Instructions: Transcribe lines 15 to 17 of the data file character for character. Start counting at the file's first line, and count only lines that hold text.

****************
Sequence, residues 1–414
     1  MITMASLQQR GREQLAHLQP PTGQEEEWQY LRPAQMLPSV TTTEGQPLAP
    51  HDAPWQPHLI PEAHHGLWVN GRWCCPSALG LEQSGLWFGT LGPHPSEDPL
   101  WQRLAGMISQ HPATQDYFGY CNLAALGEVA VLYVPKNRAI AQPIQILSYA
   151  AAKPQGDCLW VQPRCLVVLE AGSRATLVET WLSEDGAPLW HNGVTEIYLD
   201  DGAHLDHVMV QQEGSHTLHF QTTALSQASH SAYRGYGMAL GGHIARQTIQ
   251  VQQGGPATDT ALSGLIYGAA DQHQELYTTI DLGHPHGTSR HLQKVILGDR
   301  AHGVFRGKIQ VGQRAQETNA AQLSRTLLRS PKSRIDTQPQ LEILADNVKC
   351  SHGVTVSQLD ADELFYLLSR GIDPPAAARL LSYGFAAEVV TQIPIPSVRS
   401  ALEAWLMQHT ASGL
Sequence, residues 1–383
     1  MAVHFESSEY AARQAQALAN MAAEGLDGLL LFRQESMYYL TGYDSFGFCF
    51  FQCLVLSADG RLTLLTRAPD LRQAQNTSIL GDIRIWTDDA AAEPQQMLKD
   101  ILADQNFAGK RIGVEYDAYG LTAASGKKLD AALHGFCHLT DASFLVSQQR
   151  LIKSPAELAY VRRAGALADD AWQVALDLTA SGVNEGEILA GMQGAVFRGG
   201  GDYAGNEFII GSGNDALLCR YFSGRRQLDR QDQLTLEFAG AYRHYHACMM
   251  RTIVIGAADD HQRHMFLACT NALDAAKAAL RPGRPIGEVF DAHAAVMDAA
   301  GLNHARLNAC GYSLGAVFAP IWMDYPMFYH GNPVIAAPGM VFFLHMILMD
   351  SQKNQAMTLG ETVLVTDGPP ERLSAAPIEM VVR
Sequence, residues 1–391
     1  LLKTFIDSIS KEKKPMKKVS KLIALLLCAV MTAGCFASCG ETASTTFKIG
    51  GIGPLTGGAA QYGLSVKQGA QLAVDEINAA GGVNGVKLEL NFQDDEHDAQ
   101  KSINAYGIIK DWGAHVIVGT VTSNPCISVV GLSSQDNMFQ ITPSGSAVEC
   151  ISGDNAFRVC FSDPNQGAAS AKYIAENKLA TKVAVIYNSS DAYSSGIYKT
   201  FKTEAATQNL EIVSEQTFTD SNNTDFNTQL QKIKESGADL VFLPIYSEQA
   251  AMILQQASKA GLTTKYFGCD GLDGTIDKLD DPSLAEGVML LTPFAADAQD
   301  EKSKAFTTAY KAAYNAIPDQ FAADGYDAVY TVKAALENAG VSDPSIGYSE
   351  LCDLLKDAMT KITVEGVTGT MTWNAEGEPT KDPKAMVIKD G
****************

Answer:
   151  LIKSPAELAY VRRAGALADD AWQVALDLTA SGVNEGEILA GMQGAVFRGG
   201  GDYAGNEFII GSGNDALLCR YFSGRRQLDR QDQLTLEFAG AYRHYHACMM
   251  RTIVIGAADD HQRHMFLACT NALDAAKAAL RPGRPIGEVF DAHAAVMDAA